Downtime may be part of the deal when it comes to cloud computing, but the second Microsoft Office 365 outage in five days tested the patience of IT pros and consultants.
Reports of the most recent Office 365 outage first emerged on Twitter yesterday morning, and Microsoft later confirmed that some Office 365 customers were experiencing intermittent email access. That came on the heels of another outage Nov. 8, when customers experienced delays in receiving their email.
"It is a reminder of [Software as a Service] SaaS solution outages and the chaos it can cause," said Ezekiel Brooks, president and senior solution architect with Orlando, Fla.-based E. Brooks Consulting Inc., in an email.
IT consultants such as Brooks are feeling the pain from these Office 365 outages. Many have pitched Office 365 to clients as a more secure and reliable email option, but these recent developments are not helping further their cause. Just yesterday, while waiting to receive an email attachment from a client, Brooks recommended moving from an on-premises software installation to Office 365.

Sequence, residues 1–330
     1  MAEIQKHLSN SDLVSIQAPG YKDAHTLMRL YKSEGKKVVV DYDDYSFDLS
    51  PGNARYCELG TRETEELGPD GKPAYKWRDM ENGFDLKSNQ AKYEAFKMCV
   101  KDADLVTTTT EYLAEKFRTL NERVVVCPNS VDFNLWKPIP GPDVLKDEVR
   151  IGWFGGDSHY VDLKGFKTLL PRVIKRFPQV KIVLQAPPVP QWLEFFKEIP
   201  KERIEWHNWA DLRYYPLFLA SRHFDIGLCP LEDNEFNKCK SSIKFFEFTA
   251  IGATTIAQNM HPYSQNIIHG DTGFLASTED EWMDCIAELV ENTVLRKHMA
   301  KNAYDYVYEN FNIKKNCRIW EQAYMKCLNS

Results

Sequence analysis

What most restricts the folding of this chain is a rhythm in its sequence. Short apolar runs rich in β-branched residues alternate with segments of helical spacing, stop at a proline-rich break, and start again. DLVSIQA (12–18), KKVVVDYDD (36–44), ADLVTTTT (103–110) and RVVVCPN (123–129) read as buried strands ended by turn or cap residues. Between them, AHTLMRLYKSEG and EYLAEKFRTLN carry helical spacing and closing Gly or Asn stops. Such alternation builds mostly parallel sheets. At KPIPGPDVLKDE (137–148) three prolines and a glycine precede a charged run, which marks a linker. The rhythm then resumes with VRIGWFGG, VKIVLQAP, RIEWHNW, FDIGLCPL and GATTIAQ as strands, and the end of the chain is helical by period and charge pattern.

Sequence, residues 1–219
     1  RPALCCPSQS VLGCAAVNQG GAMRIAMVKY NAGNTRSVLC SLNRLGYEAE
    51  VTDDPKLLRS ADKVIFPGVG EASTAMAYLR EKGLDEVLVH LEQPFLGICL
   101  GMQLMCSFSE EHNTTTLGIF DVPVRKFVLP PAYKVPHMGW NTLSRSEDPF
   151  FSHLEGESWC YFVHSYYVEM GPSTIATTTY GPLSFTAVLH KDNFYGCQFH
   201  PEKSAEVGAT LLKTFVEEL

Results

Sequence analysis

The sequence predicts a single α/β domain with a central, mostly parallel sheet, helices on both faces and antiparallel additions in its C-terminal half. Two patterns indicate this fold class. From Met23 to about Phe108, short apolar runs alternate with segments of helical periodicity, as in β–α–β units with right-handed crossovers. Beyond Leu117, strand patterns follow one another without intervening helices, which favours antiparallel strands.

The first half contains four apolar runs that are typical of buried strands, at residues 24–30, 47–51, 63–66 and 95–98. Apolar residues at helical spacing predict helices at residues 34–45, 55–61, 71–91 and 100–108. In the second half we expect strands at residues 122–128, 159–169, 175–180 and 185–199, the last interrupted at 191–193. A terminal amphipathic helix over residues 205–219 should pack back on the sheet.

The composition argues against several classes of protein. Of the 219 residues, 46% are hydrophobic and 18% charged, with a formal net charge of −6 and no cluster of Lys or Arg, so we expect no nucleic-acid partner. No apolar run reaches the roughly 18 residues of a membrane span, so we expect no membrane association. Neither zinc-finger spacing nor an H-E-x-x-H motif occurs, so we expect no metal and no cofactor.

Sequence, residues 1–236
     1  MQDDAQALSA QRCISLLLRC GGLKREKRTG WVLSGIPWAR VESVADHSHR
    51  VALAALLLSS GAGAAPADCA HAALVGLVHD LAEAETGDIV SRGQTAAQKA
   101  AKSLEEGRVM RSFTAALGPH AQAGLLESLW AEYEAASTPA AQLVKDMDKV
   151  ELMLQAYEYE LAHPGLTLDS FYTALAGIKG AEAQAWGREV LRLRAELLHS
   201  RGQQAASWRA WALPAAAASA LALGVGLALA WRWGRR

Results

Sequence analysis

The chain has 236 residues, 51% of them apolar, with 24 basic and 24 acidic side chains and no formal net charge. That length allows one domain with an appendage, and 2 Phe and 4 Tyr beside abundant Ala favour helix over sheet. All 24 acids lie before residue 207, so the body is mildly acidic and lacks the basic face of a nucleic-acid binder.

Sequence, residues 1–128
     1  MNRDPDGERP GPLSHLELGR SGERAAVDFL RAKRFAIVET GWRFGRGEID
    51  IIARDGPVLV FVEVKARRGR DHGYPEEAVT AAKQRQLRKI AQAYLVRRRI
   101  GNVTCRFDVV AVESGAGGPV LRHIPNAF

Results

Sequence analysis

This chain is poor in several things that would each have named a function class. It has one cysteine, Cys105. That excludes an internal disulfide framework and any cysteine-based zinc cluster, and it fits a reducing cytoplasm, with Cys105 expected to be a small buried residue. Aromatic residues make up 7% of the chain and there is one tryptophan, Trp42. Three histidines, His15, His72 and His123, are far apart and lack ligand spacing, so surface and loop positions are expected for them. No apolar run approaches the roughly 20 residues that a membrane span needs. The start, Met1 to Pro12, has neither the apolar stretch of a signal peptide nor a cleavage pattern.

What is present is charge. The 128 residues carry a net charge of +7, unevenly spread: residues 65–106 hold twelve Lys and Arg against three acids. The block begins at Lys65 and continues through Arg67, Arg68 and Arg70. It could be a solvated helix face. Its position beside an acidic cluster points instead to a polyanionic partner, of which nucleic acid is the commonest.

"Oh, the irony!" he said.
The Office 365 outages also help further the point of those who remain skeptical about going all-in with Microsoft's cloud service. Office 365 is a name that many recognize, but Microsoft is still fairly new to this game, compared to other hosting providers that have offered cloud-based Exchange for years. As such, Microsoft's cloud suite may not be the best option for those interested in moving Exchange email to the cloud.
"If anything, this boosts the credibility for other Exchange providers, who can now boast that they do it better than Microsoft," said Carl Brooks, an analyst with New York City-based 451 Research.
Editor's note: Microsoft's official statement on the Office 365 outages can be found here.
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